Yes, but the original confusion was that in the case of Cartesian coordinates, the point $(x,y)$ means "start at the origin, and go x units in the x-direction and then y units in the y-direction". The point $(r,\theta)$ cannot be interpreted that way. For one thing, "the r-direction" is undefined at the origin. You can associate a position $(r,\theta)$ with a vector at the origin, but that vector is not one with components $(r,\theta)$.

#### Orodruin

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Hmm, when is a manifold an affine space?
When it is homeomorphic to $\mathbb R^n$, see also https://en.wikipedia.org/wiki/Affine_manifold (an affine manifold is not necessarily an affine space, it does not need to be all of $\mathbb R^n$, just a subset).

Yes, but the original confusion was that in the case of Cartesian coordinates, the point $(x,y)$ means "start at the origin, and go x units in the x-direction and then y units in the y-direction". The point $(r,\theta)$ cannot be interpreted that way. For one thing, "the r-direction" is undefined at the origin. You can associate a position $(r,\theta)$ with a vector at the origin, but that vector is not one with components $(r,\theta)$.
Yes, which is why I find it an inherently bad idea to represent vectors as (a,b,c) without any reference to the basis used and prefer to write out the basis explicitly.

#### vanhees71

Gold Member
I am really confused about coordinate transformations right now, specifically, from cartesian to polar coordinates.

A vector in cartesian coordinates is given by $x=x^i \partial_i$ with $\partial_x, \partial_y \in T_p \mathcal{M}$ of some manifold $\mathcal{M}$ and and $x^i$ being some coefficients.

Assuming an euclidean metric $[\delta_{ij}]= \left( \begin{array}{cc} 1 & 0 \\ 0 & 1 \end{array} \right)$, the norm of the vector $x$ is given by $$\sqrt{\delta(x,x)}=\sqrt{\delta_{ij}x^i x^j}=\sqrt{x^2+y^2}=:r$$.

Now, we make a transformation into polar coordinates:

$x=r \cos{\phi}$
$y=r \sin{\phi}$

Which gives us the vector $x=y^i \partial_i$ in terms of the basis vectors $\partial_r, \partial_\phi$.

The euclidean metric in polar coordinates looks as follows:
$[\hat{\delta_{ij}}]= \left( \begin{array}{cc} 1 & 0 \\ 0 & r^2 \end{array} \right)$

Computing the norm in the polar coordinates yields:

$$\sqrt{\delta(x,x)}=\sqrt{\hat{\delta_{ij}}y^i y^j}=\sqrt{r^2+r^2\phi^2}.$$

As $\delta(x,x)$ is a tensor relation, though, it should be coordinate independent. Furthermore, the inner product is invariant over coordinate transformations. So why is the norm different?

To add to the confusion, I tried transforming the coefficients from cartesian to polar coordinates:

$$x'^i=\frac{\partial f^i}{\partial x^j} x^j \;\;\; (1)$$

With $\frac{\partial f^i}{\partial x^j}=\left( \begin{array}{cc} \cos{\phi} & \sin{\phi} \\ -\frac{\sin{\phi}}{r} & \frac{\cos{\phi}}{r} \end{array} \right)$ being the matrix of partial derivatives.

Applying $(1)$ for the first component $r$ yields:

$$x'^1= \frac{\partial f^1}{\partial x^j} x^j= \cos{\phi}\cdot r \cos{\phi} + \sin{\phi}\cdot r \sin{\phi}=r$$

So far so good. For the second component $\phi$, however, we get:

$$x'^2= \frac{\partial f^2}{\partial x^j} x^j=-\frac{\sin{\phi}}{r} \cdot r \cos{\phi}+\frac{\cos{\phi}}{r} \cdot r \sin{\phi}=0$$

So what's going on here? Why does any general vector $x=(x,y)^T$ have a zero second component in polar coordinates?

Help!
Don't overcomplicate things. It's an ingenious trick of the mathematicians to write $\partial_i$ for the holonomous basis vectors. You can just read it as the corresnponding differential operator, i.e., for arbitrary generalized coordinates you treat it as the partial derivative $\partial_i=\partial/\partial q^i$. Now we have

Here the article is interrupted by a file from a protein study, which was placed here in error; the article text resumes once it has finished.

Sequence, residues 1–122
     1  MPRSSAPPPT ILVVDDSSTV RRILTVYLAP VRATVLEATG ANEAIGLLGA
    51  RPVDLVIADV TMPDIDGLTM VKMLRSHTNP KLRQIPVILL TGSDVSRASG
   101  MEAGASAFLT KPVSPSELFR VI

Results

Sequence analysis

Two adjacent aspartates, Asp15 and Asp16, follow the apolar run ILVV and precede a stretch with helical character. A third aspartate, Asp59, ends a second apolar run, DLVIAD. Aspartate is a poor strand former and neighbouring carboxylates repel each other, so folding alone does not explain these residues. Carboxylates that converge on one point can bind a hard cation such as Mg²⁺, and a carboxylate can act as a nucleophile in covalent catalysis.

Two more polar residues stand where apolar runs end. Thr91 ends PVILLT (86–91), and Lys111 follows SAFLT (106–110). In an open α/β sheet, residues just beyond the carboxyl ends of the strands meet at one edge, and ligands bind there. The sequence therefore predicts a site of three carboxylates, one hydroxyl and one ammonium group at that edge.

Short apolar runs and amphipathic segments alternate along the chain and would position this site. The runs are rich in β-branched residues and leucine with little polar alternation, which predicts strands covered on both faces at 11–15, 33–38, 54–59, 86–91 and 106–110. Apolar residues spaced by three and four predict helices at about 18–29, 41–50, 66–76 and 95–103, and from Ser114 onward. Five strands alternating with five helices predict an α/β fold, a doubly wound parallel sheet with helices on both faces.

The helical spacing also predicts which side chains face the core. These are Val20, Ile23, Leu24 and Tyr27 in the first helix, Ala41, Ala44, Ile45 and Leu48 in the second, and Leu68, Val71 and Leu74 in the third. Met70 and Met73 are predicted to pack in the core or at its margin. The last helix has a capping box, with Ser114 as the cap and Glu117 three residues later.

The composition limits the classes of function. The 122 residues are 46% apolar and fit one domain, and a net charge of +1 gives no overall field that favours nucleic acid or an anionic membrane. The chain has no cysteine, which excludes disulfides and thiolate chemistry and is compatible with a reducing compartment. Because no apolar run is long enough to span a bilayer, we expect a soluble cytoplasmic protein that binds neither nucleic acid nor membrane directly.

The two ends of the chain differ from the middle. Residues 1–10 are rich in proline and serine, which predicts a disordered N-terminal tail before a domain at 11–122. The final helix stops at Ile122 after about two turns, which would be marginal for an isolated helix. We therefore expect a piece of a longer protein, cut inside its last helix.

$$x^1=r \cos \varphi, \quad x^2=r \sin \varphi.$$
Then you get
$$\frac{\partial}{\partial x^i}=\frac{\partial q^j}{\partial x^i} \frac{\partial}{\partial q^i}.$$
Setting
$${T^i}_j=\frac{\partial q^j}{\partial x^i},$$
we have
$$\hat{T}=\hat{U}^{-1} \quad \text{with} \quad {U^i}_j=\frac{\partial x^i}{\partial q^j}.$$
So we first calculate $\hat{U}$:
$$\hat{U}=\begin{pmatrix}\cos \varphi & -r \sin \varphi \\ \sin \varphi & r \cos \varphi \end{pmatrix}.$$
Inverting gives
$$\hat{T}=\hat{U}^{-1} = \begin{pmatrix} \cos \varphi & \sin \varphi \\ -\sin \varphi/r & \cos \varphi/r \end{pmatrix}.$$
Thus you get
$$\frac{\partial}{\partial x^i} = {T^{i}}_j \frac{\partial}{\partial q_i} = (\partial_r,\partial_{\varphi}) \hat{T}=(\cos \varphi \partial_r-\sin \varphi/r \partial_{\varphi}, \sin \varphi \partial_r+\cos \varphi/r \partial_r)$$.
$$x^i \frac{\partial}{\partial x^i}=(\cos \varphi \partial_r-\sin \varphi/r \partial_{\varphi}, \sin \varphi \partial_r+\cos \varphi/r \partial_r) \begin{pmatrix}r \cos \varphi \\ r \sin \varphi \end{pmatrix}=r \partial_r.$$
This is of course already obvious without all this formalism, but it's a nice exercise. Note that $\vec{x}$ is not a "general vector" but a special vector, namely the position vector.

The norm transforms differently. This is also most easily seen in the Cartan notation. The metric coefficients in the two metrics are given by taking $\mathrm{d} q^i$ as the increments of the coordinates, i.e., you have
$$\mathrm{d} s^2=\delta_{ij} \mathrm{d} x^i \mathrm{d} x^j = \delta_{ij} \frac{\partial x^i}{\partial q^k} \frac{\partial x^j}{\partial q^l} \mathrm{d} q^j \mathrm{d} q^l.$$
The metric coefficients in cylinder coordinates are thus given by
$$g_{kl}=\delta_{ij} {U^{i}}_k {U^{j}}_l =[(\hat{U}^{T} \hat{U}]_{kl}.$$
Using the above result for $\hat{T}$ we get
$$\hat{g}\hat{T}^T \hat{T}=\mathrm{diag}(1,r^2).$$
For the position vector you get thus indeed
$$\delta_{ij} x^i x^j=(x^2+y^2)=r^2=(r,0) \hat{g} \begin{pmatrix} r \\ 0 \end{pmatrix}.$$
So everything is consistent, as it should be.

#### Emil_M

Thanks everybody for your amazing input!
I will think about all the information you have given me, and might return with follow-up questions :)

"Vec norm in polar coord. differs from norm in cartesian coor"